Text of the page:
HP symbolizes to me what happens when MBAs and Accountants run businesses. When your goal is merely meeting the numbers at the end of the quarter, you do not see the long view of the future. You simply go with the lowest common denominator, stagnate, and lose customers in the long run. The death of such a company does not take long. Witness the Race to the Bottom between Compaq and Packard Bell. Both are gone, and it only took a year or two to happen.

Thanks, Carly, for killing one of my favorite companies.

--
BMO

Re:I mourn for HP. (2, Funny)

random_rabbit (647072) | more than 9 years ago | (#10732945)

I agree with the parent. The moment HP stopped concentrating on brown sauce, I lost all respect. I'm switching to Daddie's.

Re:I mourn for HP. (0)

Anonymous Coward | more than 9 years ago | (#10733011)

Thanks, Carly, for killing one of my favorite companies.

I'm sure geek women everywhere secretly unite in hoping it is discovered that Carly has a penis.

HP computer quality declining as well (1, Informative)

Anonymous Coward | more than 9 years ago | (#10732782)

The quality of HP computers has been declining significantly during the past three years while the prices did not in order to compensate for the increased marketing efforts. If HP wants to survive they better focus on improving their products, supporting Linux, and not pushing junk.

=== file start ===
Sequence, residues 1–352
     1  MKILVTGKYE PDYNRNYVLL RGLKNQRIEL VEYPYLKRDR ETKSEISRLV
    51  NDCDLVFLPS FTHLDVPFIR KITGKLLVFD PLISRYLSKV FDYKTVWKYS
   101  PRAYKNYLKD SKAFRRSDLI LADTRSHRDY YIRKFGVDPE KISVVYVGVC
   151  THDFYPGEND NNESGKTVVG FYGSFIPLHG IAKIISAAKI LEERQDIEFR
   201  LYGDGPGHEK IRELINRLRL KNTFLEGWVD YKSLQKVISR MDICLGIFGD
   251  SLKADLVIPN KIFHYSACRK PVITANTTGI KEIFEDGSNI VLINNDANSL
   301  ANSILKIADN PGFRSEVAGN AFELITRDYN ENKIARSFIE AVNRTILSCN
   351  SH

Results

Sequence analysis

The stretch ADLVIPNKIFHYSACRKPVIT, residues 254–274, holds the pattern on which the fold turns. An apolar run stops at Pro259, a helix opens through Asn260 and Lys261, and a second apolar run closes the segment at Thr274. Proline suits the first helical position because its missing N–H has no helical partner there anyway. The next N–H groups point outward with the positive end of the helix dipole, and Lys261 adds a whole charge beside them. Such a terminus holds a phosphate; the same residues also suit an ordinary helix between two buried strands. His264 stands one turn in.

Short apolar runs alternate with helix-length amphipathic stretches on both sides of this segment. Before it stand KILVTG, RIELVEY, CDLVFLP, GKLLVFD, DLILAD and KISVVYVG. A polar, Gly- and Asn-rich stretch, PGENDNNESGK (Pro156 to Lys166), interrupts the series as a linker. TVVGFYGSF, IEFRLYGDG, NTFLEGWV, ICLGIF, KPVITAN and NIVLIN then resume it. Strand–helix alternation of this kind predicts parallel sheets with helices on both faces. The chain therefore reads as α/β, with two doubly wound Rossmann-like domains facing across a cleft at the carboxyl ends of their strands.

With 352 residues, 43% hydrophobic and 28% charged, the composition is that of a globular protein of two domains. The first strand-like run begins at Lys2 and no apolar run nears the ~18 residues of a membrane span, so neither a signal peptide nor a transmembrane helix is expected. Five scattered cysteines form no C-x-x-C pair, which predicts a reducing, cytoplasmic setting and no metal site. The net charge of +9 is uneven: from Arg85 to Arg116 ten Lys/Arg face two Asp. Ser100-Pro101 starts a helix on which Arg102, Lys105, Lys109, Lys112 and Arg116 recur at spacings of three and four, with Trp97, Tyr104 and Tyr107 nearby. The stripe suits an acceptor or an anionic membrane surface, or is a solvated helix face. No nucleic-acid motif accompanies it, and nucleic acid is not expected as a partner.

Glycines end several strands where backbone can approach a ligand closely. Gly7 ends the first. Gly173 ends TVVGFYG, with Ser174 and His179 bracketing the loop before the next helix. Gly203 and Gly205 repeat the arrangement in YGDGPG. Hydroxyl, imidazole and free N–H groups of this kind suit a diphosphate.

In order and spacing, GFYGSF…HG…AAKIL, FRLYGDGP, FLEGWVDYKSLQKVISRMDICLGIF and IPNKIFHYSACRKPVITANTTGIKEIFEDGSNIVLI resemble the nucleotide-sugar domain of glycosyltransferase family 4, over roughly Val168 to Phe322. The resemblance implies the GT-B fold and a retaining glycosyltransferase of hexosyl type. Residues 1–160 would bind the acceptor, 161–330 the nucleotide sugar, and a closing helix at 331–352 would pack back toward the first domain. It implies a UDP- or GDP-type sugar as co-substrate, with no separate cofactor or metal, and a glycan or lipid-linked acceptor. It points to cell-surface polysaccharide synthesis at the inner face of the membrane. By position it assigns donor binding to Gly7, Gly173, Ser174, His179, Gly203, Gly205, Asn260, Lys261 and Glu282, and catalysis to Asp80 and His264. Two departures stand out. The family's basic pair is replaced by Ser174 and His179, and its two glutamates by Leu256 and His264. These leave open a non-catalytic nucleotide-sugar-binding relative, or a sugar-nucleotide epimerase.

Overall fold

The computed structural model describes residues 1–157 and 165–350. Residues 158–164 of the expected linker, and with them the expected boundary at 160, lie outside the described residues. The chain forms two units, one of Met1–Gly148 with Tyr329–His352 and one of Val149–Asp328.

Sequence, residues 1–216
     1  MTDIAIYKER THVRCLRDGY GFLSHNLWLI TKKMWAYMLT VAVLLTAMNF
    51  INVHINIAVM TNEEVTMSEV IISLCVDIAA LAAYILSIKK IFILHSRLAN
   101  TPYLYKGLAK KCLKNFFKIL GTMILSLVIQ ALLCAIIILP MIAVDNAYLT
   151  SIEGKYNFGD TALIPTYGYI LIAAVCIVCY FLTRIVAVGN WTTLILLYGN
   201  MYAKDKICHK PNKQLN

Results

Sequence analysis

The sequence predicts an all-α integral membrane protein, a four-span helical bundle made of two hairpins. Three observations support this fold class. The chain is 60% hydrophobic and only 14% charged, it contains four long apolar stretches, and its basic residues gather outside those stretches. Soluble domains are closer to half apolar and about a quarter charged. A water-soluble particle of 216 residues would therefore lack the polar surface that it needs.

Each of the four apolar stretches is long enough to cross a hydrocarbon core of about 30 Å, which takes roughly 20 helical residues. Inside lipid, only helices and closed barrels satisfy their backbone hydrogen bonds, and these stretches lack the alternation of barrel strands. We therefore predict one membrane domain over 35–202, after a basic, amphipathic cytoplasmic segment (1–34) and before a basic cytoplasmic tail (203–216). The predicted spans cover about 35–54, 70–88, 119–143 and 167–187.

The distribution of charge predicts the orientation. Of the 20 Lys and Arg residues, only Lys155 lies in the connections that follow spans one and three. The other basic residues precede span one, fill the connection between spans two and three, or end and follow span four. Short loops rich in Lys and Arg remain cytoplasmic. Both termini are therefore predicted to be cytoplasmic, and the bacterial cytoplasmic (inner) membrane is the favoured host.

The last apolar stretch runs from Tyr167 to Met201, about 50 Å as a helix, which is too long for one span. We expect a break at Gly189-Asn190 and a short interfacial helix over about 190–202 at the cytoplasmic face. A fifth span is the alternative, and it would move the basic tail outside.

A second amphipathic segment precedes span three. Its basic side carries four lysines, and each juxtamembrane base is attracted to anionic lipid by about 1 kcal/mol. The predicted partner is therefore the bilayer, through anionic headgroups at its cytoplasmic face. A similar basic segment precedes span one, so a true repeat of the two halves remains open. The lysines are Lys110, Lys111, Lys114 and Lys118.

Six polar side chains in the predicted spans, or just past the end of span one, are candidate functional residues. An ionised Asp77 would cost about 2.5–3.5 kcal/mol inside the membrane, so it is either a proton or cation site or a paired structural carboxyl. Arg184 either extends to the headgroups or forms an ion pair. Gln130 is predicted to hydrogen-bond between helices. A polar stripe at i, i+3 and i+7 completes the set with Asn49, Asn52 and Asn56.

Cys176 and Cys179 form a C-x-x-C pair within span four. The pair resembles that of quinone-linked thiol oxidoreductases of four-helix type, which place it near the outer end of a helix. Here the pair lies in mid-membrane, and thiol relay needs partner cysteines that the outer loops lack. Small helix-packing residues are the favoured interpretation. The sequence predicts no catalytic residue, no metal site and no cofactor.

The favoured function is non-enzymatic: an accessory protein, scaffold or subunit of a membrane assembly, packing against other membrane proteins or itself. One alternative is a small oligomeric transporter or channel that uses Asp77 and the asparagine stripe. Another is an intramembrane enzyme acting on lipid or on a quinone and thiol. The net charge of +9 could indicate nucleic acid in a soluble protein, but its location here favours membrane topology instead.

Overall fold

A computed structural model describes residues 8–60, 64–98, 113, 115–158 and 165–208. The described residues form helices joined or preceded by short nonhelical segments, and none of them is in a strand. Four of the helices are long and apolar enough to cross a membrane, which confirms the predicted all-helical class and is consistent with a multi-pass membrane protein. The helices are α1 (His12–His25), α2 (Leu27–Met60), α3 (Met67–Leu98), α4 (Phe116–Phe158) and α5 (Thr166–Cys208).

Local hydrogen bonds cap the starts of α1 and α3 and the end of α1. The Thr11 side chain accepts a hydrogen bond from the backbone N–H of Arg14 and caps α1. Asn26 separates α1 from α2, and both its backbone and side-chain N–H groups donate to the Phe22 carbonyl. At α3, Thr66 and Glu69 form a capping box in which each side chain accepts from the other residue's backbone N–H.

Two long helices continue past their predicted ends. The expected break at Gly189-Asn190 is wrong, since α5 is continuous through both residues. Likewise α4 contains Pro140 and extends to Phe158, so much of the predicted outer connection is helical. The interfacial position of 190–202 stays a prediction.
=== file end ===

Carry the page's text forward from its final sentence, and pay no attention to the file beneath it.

Why do we care? (5, Insightful)

Anonymous Coward | more than 9 years ago | (#10732799)

Honestly, who gives a damn what OS it runs? As long as it works, let it go.

Re:Why do we care? (2, Insightful)

baker_tony (621742) | more than 9 years ago | (#10732811)

Um, are you new to Slashdot?! :-)

Personally, I'm more interested in what it can do, not if it simply works or not.

Re:Why do we care? (2, Interesting)

melonman (608440) | more than 9 years ago | (#10733025)

And could it be, shock horror, that they ditched the Linux version because, gasp, it didn't sell very well, and that maybe this was because, swoon, Linux in 2001 wasn't that great a choice for running a multimedia system? If they had axed a top-selling product, there might be a story here. As it is, the story appears to be "there are some arguments in favour of using other operating systems". Which I suppose might count as news to some people here, but probably not to the world at large.